Published October 3rd, 2018
Global pay TV and SVOD subscriptions will reach 1,877 million by 2023. This total is up by 505 million (37%) from 1,372 million at end-2017. The global OTT juggernaut is rolling on and over the next five years will be boosted by a spike in business across emerging markets, especially in China, according to Digital TV Research
SVOD subscriptions will more than double between 2017 and 2023, but traditional pay TV will only add 94 million subscribers. The US will have 289 million subscriptions by 2023; up from 222 million at end- 2017. Due to cord-cutting, traditional pay TV subscriptions will fall by 10 million to 80 million. However, multiple subscriptions will push the SVOD total from 132 million to 208 million.
Simon Murray, Principal Analyst at Digital TV Research, said: “China is the brightest star by adding 171 million subscriptions during this period to take its total to 610 million. Its pay TV total will “only” grow by 32 million to 375 million, but SVOD will rocket by 138 million to 235 million subscriptions. India will add a further 49 million pay TV and SVOD subscriptions to take its total to 210 million in 2023.”
Subscription revenues will only increase by 11% ($25.2 billion) to total $251 billion between 2017 and 2023. Traditional pay TV revenues will drop by $18.5 billion to $183 billion. However, SVOD revenues will climb by $43.7 billion to $69 billion. SVOD’s share of the total will increase from 11% in 2017 to 27% in 2023.
The currently burgeoning subscription video-on-demand arena shows no signs of slowing down and the analyst notes that after taking over the lion’s share of revenues in the sector in 2016, SVOD’s share of total business will increase to 53% in 2023, a six-percentage point growth in six years. This would mean that SVOD revenues would have rocketed climb by nearly $44 billion between 2017 and 2023 to reach $69 billion.
The US will remain the subscription revenue leader despite its total falling from $108 billion in 2017 to $105 billion in 2023. Pay TV subscription revenues will drop by $20 billion, with SVOD additions not quite high enough to make up the shortfall.
It is important to note that these figures are gross subscriptions. One household can have more than one subscription. For example, a household subscribing to pay satellite TV and Netflix would be counted as two subscriptions. Some homes pay for more than one SVOD platform
Source: Digital TV Research
Jul 25, 2017
More Americans are using more devices, regardless of age. Which age group is most keen on what varies and could have a profound effect on the future of devices.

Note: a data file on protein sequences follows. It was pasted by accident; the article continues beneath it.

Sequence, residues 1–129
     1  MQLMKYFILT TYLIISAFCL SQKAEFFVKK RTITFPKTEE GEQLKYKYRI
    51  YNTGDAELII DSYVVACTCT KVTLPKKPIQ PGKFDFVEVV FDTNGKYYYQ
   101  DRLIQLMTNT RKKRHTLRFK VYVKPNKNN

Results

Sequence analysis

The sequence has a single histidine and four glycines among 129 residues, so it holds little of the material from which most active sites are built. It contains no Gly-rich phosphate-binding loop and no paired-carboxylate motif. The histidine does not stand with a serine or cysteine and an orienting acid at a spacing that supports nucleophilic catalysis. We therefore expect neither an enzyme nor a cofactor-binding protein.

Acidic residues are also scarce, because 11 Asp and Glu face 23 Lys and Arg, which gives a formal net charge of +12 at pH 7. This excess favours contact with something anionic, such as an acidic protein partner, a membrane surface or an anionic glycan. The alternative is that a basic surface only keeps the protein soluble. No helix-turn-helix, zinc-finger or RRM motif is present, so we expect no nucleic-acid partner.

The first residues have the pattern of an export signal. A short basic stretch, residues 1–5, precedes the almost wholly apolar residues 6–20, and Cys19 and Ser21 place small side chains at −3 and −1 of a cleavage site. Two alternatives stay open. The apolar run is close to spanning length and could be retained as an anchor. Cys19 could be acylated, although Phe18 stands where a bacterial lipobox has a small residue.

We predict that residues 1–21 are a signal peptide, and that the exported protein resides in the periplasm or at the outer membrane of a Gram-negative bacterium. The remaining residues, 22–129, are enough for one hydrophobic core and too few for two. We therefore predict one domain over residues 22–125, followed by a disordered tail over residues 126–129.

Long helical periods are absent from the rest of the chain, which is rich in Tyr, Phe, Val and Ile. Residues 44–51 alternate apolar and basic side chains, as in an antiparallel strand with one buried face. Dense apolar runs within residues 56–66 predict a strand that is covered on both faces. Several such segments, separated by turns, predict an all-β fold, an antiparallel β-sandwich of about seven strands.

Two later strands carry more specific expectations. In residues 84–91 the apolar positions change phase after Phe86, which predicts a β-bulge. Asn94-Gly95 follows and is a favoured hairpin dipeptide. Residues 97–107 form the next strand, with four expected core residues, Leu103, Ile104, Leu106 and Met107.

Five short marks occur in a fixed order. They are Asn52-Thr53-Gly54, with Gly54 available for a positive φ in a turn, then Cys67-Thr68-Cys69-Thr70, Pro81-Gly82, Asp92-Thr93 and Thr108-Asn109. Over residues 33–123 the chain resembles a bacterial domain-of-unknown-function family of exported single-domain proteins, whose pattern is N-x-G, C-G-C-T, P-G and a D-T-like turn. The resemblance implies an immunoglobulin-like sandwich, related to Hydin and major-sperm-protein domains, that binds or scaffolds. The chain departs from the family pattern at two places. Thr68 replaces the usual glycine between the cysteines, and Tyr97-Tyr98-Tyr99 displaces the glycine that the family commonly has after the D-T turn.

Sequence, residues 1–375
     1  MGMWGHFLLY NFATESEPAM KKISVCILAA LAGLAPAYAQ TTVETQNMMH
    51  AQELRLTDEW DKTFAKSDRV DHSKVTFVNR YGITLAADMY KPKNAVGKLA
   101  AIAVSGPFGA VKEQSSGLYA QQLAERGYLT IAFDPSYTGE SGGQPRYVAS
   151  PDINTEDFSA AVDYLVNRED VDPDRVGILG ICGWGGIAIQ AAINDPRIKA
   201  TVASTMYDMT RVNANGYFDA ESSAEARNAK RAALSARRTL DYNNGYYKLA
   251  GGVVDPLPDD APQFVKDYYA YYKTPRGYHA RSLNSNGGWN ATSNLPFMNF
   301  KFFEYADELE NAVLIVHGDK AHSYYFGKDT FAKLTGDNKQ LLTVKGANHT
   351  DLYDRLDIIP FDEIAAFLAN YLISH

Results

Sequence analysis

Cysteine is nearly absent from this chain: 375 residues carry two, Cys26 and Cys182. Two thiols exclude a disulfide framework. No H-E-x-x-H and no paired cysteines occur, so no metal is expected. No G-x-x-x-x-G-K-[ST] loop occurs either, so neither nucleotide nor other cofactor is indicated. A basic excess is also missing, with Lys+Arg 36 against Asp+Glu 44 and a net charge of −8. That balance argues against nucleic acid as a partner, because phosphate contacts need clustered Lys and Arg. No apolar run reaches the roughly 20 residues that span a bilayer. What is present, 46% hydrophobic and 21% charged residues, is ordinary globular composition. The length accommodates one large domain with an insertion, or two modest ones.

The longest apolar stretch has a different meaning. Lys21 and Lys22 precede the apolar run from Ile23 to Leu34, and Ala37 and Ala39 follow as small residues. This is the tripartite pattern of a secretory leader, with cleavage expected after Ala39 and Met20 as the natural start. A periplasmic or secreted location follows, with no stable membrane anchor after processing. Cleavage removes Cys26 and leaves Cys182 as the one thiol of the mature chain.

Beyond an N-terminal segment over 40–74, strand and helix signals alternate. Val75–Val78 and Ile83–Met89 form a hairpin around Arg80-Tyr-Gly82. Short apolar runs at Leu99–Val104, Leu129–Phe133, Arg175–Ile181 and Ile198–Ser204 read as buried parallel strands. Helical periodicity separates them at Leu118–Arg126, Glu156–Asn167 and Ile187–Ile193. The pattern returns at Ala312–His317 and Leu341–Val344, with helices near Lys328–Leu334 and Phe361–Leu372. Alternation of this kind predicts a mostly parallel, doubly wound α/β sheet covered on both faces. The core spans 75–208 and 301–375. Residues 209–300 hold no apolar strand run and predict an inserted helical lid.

In general, smartphones are the most pervasive technology measured among all age groups, according to new data from measurement company Nielsen, which tracks American households that have TVs.
Seventy-three percent of people aged 2 to 20, known as Generation Z, have video game consoles, 7 percentage points more than the next-most-likely gamers, millennials. Generation Z is also fondest of tablets, with 78 percent having one in their homes. But as Gen Z is still so young, it’s possible they’ll lessen their video game and tablet habits as they grow up. People between 2 and 20 account for 26 percent of Americans and is the most racially diverse age group.
Millennials (age 21-37) are the most likely to have access to video-on-demand services like Netflix. Relatedly, they’re most likely to own multimedia devices — technology like Chromecast or Apple TV that streams online content onto TVs.
PCs are most popular among Generation X (age 38-52), 85 percent of whom have one in their homes.
The only device measured that saw substantial declines among all age groups was, unsurprisingly, DVD players. Still, DVD players are available in 62 percent (millennials) to 81 percent (boomers, age 53-70) of households.
Smart TVs and multimedia devices are the least pervasive gadgets among all age groups, but they’re still relatively new. They also have very high growth rates (24 percent to 31 percent year over year).
Nov 02, 2018
May 02, 2017
In an annual contest at Coney Island, participants vie to see who can eat the most hot dogs in 10 minutes. It has seemed in recent years that US adults bring a similar spirit to their consumption of media, cramming as much as possible into an average day.
Thanks to multitasking (and our method of accounting for it, explained in a moment), US adults’ average daily time spent with major media will slightly exceed 12 hours this year, according to eMarketer’s latest report, “US Time Spent with Media: eMarketer’s Updated Estimates and Forecast for 2014-2019”.